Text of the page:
Donald Cotter Research
Associate Professor; Ph.D. from the California Institute of Technology, 1993; Mount Holyoke College, 1994-present.
My primary project involves the life and work of Alexander Smith, a Scottish chemist active in the United States between 1890 and 1919. Although an active research chemist throughout his career, Smith achieved his greatest professional success, and most enduring legacy, as a teacher, administrator, and textbook author, and was regarded by many of his peers as the pre-eminent educator among chemists of his generation. The high-water mark of his career came in 1906 with the publication of his "phenomenally successful" freshman chemistry text. Through this text, Smith exerted at least as much influence as any of his peers over one of any discipline's critical requirements: the development of institutions and apparatus for professional reproduction through education and training. Smith's career thus offers a fascinating and unique standpoint from which to view the coalescence and maturation of chemistry as a discipline in the United States in the early years of the 20th century. The period was one very much like our own in many ways -- for example, the research agenda for many chemists was driven by a single, economically powerful industry; the country at large and the scientific community were politically strained by foreign wars that exacerbated strong differences in national identity and nationalistic fervor among American civilians; the nature and purpose of higher education was a matter of wide-spread and politically charged public debate. And yet, the scientific community of the time was very different from our own: it was small, fragile, and had yet to achieve a secure place in the economic and social hierarchies of American life. Alongside powerful intellectual upheavals in the physical sciences, large-scale social forces like these strongly influenced the evolution of the chemical profession in both academic and industrial settings, and played themselves out dramatically within the microcosm of Smith’s life and career.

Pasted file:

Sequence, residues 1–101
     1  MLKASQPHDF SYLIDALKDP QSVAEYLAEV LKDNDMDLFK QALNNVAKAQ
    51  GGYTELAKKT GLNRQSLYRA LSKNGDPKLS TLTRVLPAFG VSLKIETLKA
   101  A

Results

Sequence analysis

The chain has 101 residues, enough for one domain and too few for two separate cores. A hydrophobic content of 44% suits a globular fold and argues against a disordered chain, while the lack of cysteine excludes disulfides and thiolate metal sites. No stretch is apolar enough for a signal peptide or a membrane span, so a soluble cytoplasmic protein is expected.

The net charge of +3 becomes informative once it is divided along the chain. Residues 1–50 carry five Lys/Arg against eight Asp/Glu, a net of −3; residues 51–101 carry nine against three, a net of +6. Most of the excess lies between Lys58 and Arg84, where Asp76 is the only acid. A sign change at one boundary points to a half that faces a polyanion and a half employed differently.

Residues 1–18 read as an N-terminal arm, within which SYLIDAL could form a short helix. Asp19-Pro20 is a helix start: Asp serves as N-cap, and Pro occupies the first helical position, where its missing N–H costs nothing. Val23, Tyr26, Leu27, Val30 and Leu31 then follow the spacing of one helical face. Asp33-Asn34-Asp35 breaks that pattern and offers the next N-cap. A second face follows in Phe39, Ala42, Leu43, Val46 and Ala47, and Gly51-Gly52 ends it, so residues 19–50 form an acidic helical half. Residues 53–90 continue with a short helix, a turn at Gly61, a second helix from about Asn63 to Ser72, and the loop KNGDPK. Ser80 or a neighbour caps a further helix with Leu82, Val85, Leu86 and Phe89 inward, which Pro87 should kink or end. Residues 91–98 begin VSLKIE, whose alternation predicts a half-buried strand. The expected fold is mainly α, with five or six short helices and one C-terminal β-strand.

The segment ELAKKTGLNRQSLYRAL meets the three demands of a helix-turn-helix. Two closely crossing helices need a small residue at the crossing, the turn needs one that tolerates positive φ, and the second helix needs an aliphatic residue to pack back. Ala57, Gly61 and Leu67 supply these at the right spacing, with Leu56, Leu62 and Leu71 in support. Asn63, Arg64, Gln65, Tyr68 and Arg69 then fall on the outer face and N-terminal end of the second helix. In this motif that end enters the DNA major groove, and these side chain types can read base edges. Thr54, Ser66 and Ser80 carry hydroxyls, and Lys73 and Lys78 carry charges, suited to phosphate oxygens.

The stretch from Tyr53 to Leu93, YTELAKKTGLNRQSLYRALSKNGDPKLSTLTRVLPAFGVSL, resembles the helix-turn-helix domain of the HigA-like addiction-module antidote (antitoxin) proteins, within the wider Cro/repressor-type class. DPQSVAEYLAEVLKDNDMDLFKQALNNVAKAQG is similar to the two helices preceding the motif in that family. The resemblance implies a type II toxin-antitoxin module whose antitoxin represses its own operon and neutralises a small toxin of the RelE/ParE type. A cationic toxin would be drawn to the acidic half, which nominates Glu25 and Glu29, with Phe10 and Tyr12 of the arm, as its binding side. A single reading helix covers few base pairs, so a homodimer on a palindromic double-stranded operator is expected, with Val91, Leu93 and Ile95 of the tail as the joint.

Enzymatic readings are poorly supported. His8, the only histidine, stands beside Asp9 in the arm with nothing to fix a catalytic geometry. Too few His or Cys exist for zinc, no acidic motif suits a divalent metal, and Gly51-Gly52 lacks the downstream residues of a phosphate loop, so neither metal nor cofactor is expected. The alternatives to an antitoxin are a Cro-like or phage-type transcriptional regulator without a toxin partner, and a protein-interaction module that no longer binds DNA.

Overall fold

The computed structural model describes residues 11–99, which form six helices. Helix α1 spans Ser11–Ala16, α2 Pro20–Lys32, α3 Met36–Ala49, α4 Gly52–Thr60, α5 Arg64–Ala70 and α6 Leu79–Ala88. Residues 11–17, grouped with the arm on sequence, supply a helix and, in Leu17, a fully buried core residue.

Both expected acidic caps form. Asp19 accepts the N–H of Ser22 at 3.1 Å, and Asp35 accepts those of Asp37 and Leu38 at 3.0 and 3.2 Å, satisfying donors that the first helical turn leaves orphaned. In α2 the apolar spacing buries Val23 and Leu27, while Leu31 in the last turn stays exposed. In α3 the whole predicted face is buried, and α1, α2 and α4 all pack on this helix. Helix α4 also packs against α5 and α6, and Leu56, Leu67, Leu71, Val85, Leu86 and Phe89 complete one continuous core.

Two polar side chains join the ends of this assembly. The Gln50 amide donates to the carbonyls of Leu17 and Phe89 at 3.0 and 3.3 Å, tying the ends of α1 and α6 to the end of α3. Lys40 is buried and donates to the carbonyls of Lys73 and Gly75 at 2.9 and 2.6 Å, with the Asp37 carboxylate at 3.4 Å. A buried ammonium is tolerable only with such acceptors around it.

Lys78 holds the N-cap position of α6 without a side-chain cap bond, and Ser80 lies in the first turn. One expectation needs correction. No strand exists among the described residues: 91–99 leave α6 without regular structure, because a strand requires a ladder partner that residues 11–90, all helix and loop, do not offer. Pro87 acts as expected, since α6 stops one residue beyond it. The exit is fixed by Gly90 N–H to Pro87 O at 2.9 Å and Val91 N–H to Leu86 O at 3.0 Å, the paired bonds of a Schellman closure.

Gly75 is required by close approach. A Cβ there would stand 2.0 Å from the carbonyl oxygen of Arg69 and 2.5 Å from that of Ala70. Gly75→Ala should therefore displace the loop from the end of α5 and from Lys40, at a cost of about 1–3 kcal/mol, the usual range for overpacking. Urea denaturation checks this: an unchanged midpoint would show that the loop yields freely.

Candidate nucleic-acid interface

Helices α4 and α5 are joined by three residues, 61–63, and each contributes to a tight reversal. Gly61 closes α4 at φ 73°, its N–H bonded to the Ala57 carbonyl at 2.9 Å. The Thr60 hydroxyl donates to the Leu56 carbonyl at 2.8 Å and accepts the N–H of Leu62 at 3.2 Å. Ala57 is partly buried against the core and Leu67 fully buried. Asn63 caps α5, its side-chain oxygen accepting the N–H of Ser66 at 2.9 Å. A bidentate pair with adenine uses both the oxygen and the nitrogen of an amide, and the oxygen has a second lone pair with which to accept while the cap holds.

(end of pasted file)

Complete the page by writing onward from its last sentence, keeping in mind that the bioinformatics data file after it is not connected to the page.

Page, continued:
Student projects related to this work are possible, primarily during the academic year, for those whose interest in the sciences is complemented by a strong grounding in the humanities. This work involves reading in the primary and supporting scientific literatures of the period, close analysis of textbooks and other educational material, and the examination and interpretation of archival source materials such as manuscripts and personal letters. Archival travel is not only possible, but will likely become necessary for students who become seriously engaged with the work. Nearby repositories of interest include those at Columbia and Cornell Universities. Above all, a student interested in this work should love to write.
I am also interested in the electronic translation and preservation of archival sources. In collaboration with Jennifer Gunter King in the MHC Archives, and Shaoping Moss in Instructional Technology, I am developing a set of editorial principles for constructing a searchable, hypertext version of the Emma Perry Carr papers. This work involves use of the Text Encoding Initiative (TEI), an application of the Extensible Markup Language (XML). Students interested in this work need not have computer science training, though a familiarity with markup languages such as HTML is certainly helpful.